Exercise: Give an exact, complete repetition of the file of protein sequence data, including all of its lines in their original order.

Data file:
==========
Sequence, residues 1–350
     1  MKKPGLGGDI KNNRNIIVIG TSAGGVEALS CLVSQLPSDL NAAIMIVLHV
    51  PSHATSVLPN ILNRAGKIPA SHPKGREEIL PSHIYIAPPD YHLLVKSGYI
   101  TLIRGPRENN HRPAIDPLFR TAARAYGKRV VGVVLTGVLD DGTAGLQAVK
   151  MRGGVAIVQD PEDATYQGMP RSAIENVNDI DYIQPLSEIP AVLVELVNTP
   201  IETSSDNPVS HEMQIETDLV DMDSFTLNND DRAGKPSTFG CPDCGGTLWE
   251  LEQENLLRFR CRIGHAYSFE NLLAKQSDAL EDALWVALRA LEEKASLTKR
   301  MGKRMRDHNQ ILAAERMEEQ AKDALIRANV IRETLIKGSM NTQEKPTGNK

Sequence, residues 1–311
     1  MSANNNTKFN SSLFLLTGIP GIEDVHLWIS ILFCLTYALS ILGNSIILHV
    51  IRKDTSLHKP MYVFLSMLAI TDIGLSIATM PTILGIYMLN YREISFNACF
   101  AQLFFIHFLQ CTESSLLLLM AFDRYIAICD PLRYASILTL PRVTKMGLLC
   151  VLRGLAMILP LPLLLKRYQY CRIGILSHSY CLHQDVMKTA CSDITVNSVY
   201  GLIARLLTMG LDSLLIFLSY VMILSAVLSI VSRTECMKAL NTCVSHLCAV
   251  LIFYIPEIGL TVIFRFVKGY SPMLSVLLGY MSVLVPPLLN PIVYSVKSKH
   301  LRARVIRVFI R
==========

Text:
Sequence, residues 1–350
     1  MKKPGLGGDI KNNRNIIVIG TSAGGVEALS CLVSQLPSDL NAAIMIVLHV
    51  PSHATSVLPN ILNRAGKIPA SHPKGREEIL PSHIYIAPPD YHLLVKSGYI
   101  TLIRGPRENN HRPAIDPLFR TAARAYGKRV VGVVLTGVLD DGTAGLQAVK
   151  MRGGVAIVQD PEDATYQGMP RSAIENVNDI DYIQPLSEIP AVLVELVNTP
   201  IETSSDNPVS HEMQIETDLV DMDSFTLNND DRAGKPSTFG CPDCGGTLWE
   251  LEQENLLRFR CRIGHAYSFE NLLAKQSDAL EDALWVALRA LEEKASLTKR
   301  MGKRMRDHNQ ILAAERMEEQ AKDALIRANV IRETLIKGSM NTQEKPTGNK

Sequence, residues 1–311
     1  MSANNNTKFN SSLFLLTGIP GIEDVHLWIS ILFCLTYALS ILGNSIILHV
    51  IRKDTSLHKP MYVFLSMLAI TDIGLSIATM PTILGIYMLN YREISFNACF
   101  AQLFFIHFLQ CTESSLLLLM AFDRYIAICD PLRYASILTL PRVTKMGLLC
   151  VLRGLAMILP LPLLLKRYQY CRIGILSHSY CLHQDVMKTA CSDITVNSVY
   201  GLIARLLTMG LDSLLIFLSY VMILSAVLSI VSRTECMKAL NTCVSHLCAV
   251  LIFYIPEIGL TVIFRFVKGY SPMLSVLLGY MSVLVPPLLN PIVYSVKSKH
   301  LRARVIRVFI R